"The Game is the game of making a real world on canvas. The Game is also the game of knowing that the made world can never be wholly real. The Game was the first painting to use the box as a symbol. The box became a house. I could no longer live in the jungle. I built the house out of all things I was unsure of and certain about. I called it a 'Shrine.'"

The shrine would become an important symbol for Schapiro in the early 1960s. Along with The Game, this installation includes two other works—Reprieve and Dialogue—that use the structure of the shrine, a painted space where Schapiro could exalt both the artistic and the feminine aspects of her identity. These “pre-Shrine” works immediately precede her illusionistically rendered, metaphysical “Shrine” paintings of the 1960s. Focusing on the earlier set within this display, the presentation foregrounds Schapiro’s interest in gesture and abstraction as anchors in this installation.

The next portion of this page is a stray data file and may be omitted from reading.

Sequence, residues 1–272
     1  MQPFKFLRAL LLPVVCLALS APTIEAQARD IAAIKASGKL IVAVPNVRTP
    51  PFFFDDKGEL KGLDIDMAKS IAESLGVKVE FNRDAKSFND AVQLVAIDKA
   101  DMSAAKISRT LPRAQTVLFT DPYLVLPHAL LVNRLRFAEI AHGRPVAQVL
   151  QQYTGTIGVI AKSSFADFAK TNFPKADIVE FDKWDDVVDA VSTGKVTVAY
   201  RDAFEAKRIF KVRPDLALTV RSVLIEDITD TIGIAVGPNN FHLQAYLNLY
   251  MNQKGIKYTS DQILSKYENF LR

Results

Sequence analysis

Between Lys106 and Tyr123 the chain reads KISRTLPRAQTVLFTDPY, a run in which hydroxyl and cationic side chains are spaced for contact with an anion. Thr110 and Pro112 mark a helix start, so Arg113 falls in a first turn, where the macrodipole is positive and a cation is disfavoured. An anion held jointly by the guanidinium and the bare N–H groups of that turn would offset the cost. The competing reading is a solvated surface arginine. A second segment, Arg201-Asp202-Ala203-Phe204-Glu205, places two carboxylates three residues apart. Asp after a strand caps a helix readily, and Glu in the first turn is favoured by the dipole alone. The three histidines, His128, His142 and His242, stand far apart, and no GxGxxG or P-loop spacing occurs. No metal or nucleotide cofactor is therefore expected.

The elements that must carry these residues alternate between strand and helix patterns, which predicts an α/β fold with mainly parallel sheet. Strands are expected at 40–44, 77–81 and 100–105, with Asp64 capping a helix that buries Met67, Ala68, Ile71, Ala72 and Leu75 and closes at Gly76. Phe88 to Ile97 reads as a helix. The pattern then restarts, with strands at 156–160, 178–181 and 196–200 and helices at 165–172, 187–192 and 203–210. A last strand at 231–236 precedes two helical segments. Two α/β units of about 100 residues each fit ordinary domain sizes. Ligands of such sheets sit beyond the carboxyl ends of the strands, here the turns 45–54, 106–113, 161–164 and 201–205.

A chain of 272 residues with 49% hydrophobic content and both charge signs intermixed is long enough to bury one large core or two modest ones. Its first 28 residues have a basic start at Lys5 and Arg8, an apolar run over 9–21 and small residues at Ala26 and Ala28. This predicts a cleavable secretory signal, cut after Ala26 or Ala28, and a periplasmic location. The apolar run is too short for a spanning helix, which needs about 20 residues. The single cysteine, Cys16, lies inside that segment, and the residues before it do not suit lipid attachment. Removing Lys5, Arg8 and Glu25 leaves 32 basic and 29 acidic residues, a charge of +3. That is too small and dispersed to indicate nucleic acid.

Throughout her career, Schapiro experimented with increasingly explicit references to women’s experiences. In 1971, Schapiro and Judy Chicago founded the Feminist Art Program at the California Institute of the Arts and conceived the legendary “Womanhouse'' installation. Having taken a break from her own studio practice during her involvement with the program, Schapiro’s work took a radical turn when she returned to painting in 1972. Curtains (1972) was Schapiro's first painting that incorporated fabric. The painting is made up of pink and blue washes with a sheer fabric covering the paint, with two lines running down the middle mimicking a zipper. Schapiro said of the work: “When I got back and looked at that picture I was absolutely horrified, horrified. I couldn't believe that I could make anything so corny. You'll have to take my word for that. And it frightened me." Schapiro remained committed to this new style of work that she termed “femmage,” to describe her process of collaging craft elements (traditionally gendered as female) into the “high art” of painting (historically the purview of male artists).